Mary-Laura Buchner-Hulse has been a borough resident since 2009 and is a mother of two. This is her first attempt at running for political office. She is an active volunteer in the Oxford Educational Foundation, Oxford Silo, Oxford Mainstreet, Inc. (OMI) and the Oxford Arts Alliance. She wants to unite Oxford with open lines of communication, to meet the needs of residents and businesses. She wants to strengthen the town’s growth financially and structurally while preserving Oxford’s historic charm and beauty.
“I’d like to make sure everyone knows what is happening in the borough,” Buchner-Hulse said. “I just feel like a younger mindset would be good going forward. I’d like to see council using social media more and I want to get a younger demographic involved. I will seek advice and input.”
Transparency is important to her as well. “Everyone should know what is going on,” she said. “I want to build relationships with people, and unite us.”
Woolston has lived in Oxford for two decades. She is a young mother of two. Her job as a master social worker provides her with a unique perspective. She has taught social work, sociology and psychology for several colleges. She is politically independent but is currently registered with, and endorsed by, the Democratic Party. She has worked with persons from all walks of life throughout a variety of county services including aging, elementary and higher education, mental health and addiction, poverty and housing.
“I think there is a gap between what residents want, and what government thinks they want,” she said. “I’d like to bridge that gap. I have felt many times that our priorities are not being addressed by council.”
Woolston teaches advance policy at West Chester University. She takes students to Harrisburg and Washington, D.C. and teaches them how to communicate with elected officials. She has helped draft bills for the Pennsylvania Legislature, served as an expert witness for the children and youth community, and worked with Children and Youth Services.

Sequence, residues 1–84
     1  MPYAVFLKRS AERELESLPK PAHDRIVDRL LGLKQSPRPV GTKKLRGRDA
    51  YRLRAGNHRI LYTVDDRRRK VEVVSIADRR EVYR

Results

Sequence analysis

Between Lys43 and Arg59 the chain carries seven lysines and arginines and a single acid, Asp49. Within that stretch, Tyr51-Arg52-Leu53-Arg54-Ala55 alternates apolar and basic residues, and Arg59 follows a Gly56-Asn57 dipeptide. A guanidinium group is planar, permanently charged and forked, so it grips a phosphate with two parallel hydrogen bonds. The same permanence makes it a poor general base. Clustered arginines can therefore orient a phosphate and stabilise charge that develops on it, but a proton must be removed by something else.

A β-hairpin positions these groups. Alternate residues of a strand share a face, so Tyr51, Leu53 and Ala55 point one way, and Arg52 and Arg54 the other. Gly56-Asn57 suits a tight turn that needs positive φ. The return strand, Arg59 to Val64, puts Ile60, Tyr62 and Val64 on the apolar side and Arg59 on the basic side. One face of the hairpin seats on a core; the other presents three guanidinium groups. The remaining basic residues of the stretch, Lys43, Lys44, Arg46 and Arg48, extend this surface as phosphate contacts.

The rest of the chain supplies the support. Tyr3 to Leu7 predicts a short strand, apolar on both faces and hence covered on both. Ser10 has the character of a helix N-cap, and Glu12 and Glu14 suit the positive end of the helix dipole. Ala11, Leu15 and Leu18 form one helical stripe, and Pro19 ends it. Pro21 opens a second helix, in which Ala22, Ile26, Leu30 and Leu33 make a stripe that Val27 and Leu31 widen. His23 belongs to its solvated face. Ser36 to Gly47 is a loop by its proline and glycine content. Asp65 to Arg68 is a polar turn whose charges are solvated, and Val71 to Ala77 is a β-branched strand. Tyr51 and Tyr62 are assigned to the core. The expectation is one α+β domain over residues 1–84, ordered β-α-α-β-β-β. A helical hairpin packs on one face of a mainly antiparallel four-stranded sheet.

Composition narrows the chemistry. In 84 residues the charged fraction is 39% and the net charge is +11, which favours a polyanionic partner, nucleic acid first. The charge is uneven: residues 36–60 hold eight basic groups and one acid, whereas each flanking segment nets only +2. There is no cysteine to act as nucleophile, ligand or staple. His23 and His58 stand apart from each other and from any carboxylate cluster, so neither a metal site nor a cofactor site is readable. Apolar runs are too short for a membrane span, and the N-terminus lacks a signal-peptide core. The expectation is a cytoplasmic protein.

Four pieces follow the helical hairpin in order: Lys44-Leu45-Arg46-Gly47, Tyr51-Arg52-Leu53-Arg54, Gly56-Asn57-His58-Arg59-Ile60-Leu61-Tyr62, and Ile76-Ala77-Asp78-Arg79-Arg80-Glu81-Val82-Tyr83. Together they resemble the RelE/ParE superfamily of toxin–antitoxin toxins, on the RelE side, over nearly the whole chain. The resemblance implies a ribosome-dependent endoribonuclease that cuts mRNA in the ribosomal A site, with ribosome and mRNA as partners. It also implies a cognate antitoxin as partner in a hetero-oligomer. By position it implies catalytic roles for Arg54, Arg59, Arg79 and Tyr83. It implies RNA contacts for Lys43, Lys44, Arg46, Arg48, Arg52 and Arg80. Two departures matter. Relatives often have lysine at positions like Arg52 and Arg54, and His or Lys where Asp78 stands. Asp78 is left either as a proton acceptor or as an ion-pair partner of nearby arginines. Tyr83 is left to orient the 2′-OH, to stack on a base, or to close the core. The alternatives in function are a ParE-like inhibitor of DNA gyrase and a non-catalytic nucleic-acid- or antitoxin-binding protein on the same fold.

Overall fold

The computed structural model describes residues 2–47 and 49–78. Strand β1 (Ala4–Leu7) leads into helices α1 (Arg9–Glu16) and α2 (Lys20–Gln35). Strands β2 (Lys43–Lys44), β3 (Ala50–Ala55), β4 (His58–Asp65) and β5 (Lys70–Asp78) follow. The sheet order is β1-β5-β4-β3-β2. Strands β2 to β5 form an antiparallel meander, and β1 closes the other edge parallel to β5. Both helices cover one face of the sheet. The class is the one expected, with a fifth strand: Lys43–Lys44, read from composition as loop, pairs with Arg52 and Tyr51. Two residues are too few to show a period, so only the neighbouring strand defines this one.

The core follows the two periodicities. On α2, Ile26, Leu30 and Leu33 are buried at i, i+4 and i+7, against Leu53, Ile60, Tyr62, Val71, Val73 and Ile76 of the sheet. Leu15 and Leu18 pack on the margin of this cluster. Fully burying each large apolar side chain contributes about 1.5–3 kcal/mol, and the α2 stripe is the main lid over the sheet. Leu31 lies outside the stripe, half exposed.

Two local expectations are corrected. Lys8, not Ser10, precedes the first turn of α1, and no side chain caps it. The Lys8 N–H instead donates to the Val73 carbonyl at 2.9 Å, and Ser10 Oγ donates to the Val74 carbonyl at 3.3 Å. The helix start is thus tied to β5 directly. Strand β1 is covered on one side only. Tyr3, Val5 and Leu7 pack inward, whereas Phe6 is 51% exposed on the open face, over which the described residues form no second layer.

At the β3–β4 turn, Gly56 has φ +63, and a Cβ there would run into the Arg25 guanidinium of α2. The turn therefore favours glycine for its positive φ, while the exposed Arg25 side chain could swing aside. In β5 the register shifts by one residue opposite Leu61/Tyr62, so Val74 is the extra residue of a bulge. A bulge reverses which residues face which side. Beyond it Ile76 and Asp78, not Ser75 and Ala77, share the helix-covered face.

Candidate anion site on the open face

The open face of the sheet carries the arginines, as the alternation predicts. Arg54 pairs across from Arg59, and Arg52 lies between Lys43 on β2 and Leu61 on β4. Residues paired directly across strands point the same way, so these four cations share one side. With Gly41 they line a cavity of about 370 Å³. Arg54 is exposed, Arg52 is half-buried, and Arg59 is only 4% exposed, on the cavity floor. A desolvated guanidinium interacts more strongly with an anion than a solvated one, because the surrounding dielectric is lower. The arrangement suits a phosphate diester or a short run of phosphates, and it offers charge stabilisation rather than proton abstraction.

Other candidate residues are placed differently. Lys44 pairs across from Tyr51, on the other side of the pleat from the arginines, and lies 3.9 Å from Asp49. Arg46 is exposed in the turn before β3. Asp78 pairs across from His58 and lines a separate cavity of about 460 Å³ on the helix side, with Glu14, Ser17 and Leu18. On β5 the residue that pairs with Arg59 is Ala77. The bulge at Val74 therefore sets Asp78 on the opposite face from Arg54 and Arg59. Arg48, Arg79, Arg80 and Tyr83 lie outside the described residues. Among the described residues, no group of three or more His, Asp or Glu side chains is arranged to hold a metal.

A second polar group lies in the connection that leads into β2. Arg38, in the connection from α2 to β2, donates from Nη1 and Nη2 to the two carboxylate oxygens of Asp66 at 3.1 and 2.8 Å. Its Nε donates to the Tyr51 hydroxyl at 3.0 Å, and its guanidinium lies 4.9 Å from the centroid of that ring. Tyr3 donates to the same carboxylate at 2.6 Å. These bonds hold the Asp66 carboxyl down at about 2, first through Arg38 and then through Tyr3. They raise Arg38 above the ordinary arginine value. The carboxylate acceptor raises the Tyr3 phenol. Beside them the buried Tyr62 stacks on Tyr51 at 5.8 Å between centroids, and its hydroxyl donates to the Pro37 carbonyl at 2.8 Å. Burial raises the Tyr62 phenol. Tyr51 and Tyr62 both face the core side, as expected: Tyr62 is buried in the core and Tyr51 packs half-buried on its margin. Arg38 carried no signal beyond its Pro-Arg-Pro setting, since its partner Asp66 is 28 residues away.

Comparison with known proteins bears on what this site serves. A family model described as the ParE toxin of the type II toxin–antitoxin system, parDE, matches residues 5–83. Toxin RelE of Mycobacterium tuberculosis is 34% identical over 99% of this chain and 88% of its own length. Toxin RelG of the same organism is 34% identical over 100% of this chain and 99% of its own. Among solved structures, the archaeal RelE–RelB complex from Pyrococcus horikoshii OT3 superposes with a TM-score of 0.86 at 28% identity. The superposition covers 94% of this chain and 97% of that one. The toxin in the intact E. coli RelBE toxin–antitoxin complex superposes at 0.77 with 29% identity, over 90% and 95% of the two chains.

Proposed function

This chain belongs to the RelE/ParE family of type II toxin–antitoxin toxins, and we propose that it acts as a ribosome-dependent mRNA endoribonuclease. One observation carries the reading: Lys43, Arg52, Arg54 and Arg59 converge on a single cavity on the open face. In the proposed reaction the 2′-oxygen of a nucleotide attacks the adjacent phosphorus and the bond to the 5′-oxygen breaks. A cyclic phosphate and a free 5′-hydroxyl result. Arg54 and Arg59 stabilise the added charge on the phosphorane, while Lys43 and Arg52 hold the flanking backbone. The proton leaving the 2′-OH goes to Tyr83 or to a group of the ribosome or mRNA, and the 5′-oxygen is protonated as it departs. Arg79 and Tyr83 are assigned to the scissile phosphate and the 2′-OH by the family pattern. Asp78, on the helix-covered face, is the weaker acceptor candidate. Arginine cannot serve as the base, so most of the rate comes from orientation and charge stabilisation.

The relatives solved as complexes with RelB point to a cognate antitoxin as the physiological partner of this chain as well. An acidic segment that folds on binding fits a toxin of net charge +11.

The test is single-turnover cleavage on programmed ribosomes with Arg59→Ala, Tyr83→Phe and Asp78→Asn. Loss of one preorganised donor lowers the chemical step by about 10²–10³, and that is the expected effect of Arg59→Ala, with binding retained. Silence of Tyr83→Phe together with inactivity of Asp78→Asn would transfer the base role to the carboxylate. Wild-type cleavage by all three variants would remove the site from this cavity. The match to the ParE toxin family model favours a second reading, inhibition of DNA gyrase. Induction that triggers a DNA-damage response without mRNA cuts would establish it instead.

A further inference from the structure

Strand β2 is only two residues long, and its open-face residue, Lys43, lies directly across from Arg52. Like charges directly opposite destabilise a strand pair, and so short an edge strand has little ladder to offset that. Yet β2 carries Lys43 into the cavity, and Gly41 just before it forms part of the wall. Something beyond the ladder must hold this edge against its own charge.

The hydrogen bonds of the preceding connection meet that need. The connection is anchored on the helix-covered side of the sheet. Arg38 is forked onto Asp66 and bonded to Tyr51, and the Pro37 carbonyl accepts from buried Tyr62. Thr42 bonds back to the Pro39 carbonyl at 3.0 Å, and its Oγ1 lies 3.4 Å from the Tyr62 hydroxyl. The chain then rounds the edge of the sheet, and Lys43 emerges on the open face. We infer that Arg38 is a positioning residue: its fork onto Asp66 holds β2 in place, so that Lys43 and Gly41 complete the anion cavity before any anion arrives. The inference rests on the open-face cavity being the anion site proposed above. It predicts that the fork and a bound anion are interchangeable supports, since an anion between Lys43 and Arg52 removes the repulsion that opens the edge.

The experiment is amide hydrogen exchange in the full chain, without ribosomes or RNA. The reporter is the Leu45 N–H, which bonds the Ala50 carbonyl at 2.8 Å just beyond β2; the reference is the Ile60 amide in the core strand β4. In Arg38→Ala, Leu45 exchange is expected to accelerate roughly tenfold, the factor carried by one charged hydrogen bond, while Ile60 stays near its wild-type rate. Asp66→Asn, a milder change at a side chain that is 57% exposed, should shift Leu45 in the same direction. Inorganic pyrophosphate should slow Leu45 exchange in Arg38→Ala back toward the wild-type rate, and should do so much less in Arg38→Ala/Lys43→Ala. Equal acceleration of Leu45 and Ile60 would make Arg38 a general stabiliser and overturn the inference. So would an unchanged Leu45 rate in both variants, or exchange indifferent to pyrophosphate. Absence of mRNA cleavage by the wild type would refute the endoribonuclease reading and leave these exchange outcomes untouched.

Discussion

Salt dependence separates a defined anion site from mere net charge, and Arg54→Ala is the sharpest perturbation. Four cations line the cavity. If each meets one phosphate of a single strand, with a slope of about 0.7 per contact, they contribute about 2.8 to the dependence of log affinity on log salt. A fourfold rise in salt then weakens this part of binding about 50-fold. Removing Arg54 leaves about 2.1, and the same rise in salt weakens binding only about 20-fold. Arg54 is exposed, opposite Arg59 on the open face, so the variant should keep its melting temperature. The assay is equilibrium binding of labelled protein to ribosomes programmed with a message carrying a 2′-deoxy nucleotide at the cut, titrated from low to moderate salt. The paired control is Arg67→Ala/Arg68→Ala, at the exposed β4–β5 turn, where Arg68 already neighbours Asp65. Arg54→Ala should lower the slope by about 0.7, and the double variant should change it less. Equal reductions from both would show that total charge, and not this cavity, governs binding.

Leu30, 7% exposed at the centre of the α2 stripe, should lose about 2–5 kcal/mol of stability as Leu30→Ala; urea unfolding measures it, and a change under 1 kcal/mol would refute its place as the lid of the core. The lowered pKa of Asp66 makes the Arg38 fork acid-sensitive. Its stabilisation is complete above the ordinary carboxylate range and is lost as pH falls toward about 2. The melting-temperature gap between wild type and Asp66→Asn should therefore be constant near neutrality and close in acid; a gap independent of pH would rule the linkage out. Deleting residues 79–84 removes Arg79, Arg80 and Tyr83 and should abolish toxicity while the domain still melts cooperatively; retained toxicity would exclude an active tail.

Fitzpatrick is a local educator and coach. He has lived in Oxford since 2018. He is running for office because he wants Oxford to be a strong, safe, and vibrant community. He feels his experience will help him accomplish that.
He will focus on fairness, increased transparency, economic growth and quality of life. Fitzpatrick used to do parking enforcement for the Borough and loved seeing the local restaurants busy. His vision is to have a busy, vibrant downtown with people waiting in line to go to shops and restaurants.
“I’d like to create an environment that would bring more small businesses to town and increase our tax base,” he said.
Fitzpatrick has experience in government.
“I worked as a lobbyist for police. I would like working with the state government to help build our community,” he said. “I’m an organized person and a good listener. I think those skills are needed on council. I am enthusiastic about creating a diverse and vibrant community for businesses and residents and building a strong community.”
McMurrough was approached by local business owners who wanted him to run for borough council. McMurrough has extensive business experience, having been a regional sales manager for the last twenty years.
“It is important to have a strong town with a vibrant business district. That creates opportunity for our population to find employment or for our community to find the goods and services they need locally,” he said.
McMurrough is also focused on encouraging new businesses to come to Oxford.
“I’d like to create a climate here where businesses can thrive and grow. That is beneficial to the entire community,” he said. “I believe my knowledge of business would be an asset to the council. I’m a hard worker and a good listener. That is important when you are representing a community.”
McMurrough is also focused on helping to maintain a safe community. He said, “I think if we focus on the community as a whole, we can help it grow and serve the diverse population that lives here.”